What all of this suggests is that these different religious traditions have a rich variety of remarkably strong positive and negative drivers. A committed belief in a loving and compassionate God is closely related to a passionate belief that people, in turn, should be loving and compassionate to each other. So does an ascetic life that seeks enlightenment for self as well as for others; the Dalai Lama frequently appeals for compassion and "balanced cooperation." Negatively, a fear of judgment on the Last Day (to be found in parts of the Qur'an and the New Testament but seldom in the Hebrew Bible) or a desire to escape the cycle of rebirth (within Theravada Buddhism) and/or a harmful lack of balance can also be a strong driver within religious traditions.
There are a number of different ways to address HIV and AIDS across various religious traditions. One especially fruitful one involves the tension found in several sacred writings between righteous personal/sexual lives and duties to other people. Beyond the fault lines of patriarchy, there is a widespread recognition that human sexuality does need to be disciplined and, conversely, that undisciplined sexuality can be deeply harmful.
There are differences between and among a number of religious traditions about the legitimacy of polygamy, and disagreements about the merits of celibacy. For the Buddhist and Catholic monk celibacy clearly is a requirement. Within early Christianity, celibacy was sometimes lauded more highly than marriage, even for the ordinary believer. Paul wrote bluntly: "To the unmarried and the widows I say that it is well for them to remain unmarried as I am. (9) But if they are not practising self-control, they should marry. For it is better to marry than to be aflame with passion" (1 Cot. 7:8-9). Yet even within this piece of blunt advice to the Corinthians (which may have been affected by a belief that the world was soon to end), Paul spoke of the need for self-control. So also does the Bhagavad Gita:
Bodily asceticism is said to consist of reverencing the gods, Brahmins, teachers, and the wise, and of purity, honesty, continence, and non-violence. Vocal asceticism is said to consist of speech that does not cause distress, is truthful, pleasing and beneficial, as well as the daily recitation of the sacred texts. Mental asceticism is said to consist of clarity of mind, gentleness, silence, self-control, and purity of disposition. That threefold asceticism, undertaken with utmost faith by disciplined men who have no desire for reward, is thought of as pure. (7) Even the much later Tantric tradition within Hinduism, frequently seen by Westerners as simply a glorification of eroticism, is in reality often more sober and disciplined and concerned with rituals that actually purify the body (8)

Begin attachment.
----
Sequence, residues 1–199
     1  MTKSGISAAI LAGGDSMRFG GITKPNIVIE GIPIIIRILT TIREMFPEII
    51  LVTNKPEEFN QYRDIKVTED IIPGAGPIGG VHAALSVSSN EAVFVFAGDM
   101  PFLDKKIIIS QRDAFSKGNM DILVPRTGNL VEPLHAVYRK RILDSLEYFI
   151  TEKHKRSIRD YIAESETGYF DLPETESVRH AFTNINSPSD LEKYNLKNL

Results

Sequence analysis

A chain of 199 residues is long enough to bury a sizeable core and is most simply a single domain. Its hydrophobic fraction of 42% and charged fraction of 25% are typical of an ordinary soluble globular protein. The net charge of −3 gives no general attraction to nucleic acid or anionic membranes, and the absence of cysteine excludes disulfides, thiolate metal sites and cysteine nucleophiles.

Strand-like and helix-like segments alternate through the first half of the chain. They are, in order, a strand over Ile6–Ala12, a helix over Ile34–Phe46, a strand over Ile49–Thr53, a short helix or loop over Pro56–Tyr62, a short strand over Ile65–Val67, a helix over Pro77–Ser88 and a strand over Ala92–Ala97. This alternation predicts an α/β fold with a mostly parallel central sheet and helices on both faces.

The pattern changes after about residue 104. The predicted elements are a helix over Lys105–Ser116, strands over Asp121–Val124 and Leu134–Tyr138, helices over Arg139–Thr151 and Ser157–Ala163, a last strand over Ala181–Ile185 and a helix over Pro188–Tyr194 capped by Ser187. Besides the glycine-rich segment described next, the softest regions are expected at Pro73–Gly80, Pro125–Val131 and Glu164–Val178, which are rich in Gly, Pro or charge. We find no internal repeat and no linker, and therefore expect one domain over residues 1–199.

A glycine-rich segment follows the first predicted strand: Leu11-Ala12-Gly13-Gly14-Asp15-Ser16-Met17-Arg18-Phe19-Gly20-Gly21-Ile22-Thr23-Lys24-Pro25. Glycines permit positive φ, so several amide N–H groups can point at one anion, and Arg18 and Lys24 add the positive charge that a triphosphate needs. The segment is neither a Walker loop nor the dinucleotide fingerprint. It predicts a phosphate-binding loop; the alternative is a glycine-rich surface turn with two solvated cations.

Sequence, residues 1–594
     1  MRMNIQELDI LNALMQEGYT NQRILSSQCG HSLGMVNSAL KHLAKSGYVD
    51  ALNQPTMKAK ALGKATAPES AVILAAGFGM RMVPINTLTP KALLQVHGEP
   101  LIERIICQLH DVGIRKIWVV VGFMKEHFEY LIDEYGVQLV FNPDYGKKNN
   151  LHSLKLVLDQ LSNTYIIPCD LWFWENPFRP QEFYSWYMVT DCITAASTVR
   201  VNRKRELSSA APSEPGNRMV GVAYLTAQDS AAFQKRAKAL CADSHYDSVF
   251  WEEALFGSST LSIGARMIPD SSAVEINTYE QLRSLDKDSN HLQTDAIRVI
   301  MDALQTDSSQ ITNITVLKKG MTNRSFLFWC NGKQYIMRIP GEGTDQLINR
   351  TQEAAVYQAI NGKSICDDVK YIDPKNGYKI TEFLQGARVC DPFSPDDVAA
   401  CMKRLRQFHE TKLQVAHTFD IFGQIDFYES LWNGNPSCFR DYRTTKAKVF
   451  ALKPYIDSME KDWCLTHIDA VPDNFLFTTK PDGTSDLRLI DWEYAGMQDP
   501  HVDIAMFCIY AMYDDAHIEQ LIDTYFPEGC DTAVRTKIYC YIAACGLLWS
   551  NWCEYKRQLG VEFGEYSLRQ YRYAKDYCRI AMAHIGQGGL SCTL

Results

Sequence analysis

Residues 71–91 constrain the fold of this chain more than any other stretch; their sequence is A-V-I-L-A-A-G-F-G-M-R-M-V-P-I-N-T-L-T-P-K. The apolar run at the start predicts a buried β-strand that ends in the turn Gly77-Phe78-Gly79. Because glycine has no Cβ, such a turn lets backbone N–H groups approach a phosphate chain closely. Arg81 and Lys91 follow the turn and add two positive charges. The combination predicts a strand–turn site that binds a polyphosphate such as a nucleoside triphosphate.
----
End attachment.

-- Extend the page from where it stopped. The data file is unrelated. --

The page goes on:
The Qur'an, like the Jewish Torah, regards menstruation as "unclean" and prohibits sexual intercourse during menstruation. The concept of uncleanness runs through both traditions, and is not to be confused with modern concerns about germs or "yuk." This ritual uncleanness is primarily concerned about un-holiness. In Judaism, contact with menstrual blood barred a person from entering the temple. However there is also a more modern consideration for male self-control in the face of painful conditions women may face, as this passage from the Qur'an indicates:
They ask you [Prophet] about menstruation. Say, Menstruation is a painful condition, so keep away from women during it. Do not approach them until they are cleansed; when they are cleansed, you may approach them as God has ordained. God loves those who turn to him, and he loves those who keep themselves clean. (9)
A number of the rituals and interdictions surrounding human sexuality in ancient texts will appear to many modern readers as anachronistic. Effective contraception and vastly increased life expectancy have radically changed many people in the modern world. Yet there are still abiding concerns about ill-disciplined sexuality that have re-surfaced, especially in the context of AIDS.
Duties to Others